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​Finance Ministry Orders Compulsory Retirement of 15 More Central Govt Officers Over Corruption Charges

Sources informed that some of these officers are found guilty of corruption, having illegal and disproportionate assets and sexual harassment.

News18.com

Updated:June 18, 2019, 6:30 PM IST
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​Finance Ministry Orders Compulsory Retirement of 15 More Central Govt Officers Over Corruption Charges
A file photo of the ministry of finance, New Delhi.

New Delhi: The Ministry of Finance’s Revenue department on Tuesday issued a statement ordering retirement of 15 of its officials.

“In exercise of the powers conferred by clause (j) of rule 56 of the Fundamental Rules, the President of India has retired 15 Officers of Indian Revenue Service (C&CE) in public interest with immediate effect on completing 50 years of age,” tweeted Ministry of Finance on Tuesday.

The statement from the ministry also stated that all 15 officers shall be paid a sum equivalent to the amount of pay and allowances for a period of 3 months calculated at the same rate at which they were supposed to be withdrawing them (pay and allowances) immediately before their retirement.

All officers belong to Central Board of Indirect Taxes and Customs (CBIC). This is the second time this month that the Centre has taken such a decision.

On 10 June, twelve senior government officers, including the Chief Commissioner, Principal Commissioners and the Commissioner of Income Tax Department were directed by the Finance Ministry to retire under Rule 56 of the General Financial Rules (GFRs).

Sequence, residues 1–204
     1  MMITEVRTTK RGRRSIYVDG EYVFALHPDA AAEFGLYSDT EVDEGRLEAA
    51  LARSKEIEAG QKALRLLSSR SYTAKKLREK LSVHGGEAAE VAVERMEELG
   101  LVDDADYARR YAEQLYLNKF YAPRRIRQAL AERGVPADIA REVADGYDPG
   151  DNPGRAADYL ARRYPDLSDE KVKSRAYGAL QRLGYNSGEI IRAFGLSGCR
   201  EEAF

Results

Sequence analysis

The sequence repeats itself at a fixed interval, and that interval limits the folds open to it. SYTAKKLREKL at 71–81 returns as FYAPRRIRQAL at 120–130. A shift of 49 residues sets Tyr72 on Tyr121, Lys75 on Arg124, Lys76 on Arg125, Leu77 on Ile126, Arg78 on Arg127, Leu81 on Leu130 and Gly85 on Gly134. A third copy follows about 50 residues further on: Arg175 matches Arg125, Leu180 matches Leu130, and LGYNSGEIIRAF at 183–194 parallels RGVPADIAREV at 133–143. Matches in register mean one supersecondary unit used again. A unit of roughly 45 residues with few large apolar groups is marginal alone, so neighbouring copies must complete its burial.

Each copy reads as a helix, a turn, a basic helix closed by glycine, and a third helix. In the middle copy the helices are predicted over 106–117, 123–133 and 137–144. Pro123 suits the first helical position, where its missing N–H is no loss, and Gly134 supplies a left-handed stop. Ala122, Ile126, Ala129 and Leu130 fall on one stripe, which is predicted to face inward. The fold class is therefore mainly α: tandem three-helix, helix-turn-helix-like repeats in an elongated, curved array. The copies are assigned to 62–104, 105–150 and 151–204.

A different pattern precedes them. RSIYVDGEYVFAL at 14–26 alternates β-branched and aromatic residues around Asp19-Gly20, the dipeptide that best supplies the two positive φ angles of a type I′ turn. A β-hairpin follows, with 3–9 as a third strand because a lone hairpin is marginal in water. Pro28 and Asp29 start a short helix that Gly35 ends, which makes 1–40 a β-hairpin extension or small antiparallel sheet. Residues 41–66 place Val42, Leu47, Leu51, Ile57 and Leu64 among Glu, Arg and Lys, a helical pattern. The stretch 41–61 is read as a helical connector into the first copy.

Sources informed that some of these officers are found guilty of corruption, having illegal and disproportionate assets and sexual harassment.

News18 had earlier reported that the Cabinet Secretariat and the Central Vigilance Commission had over the past few days given verbal instructions to the vigilance heads in many departments to expedite the process of identifying officers for compulsory retirement under Fundamental Rule 56(j) of Central Civil Services (Pension) Rules, 1972.

Though 56(j) that provides for compulsory retirement of government staff in public interest has existed for several decades, it has sparingly been invoked.

Under 56 (j), the performance of an officer who has turned 50 or 55 or has completed 30 years of service (whichever is earlier,) is being reviewed to ascertain if he/she is liable for compulsory retirement.

This rule to punish non-performers was revisited immediately after the first Modi government came to power in May 2014.

Among high-profile 56 (j) retirements in the recent past are MN Vijaykumar (IAS), K Narasimha (IAS), Mayank Sheel Chohan (IPS) and Raj Kumar Dewangan (IPS).

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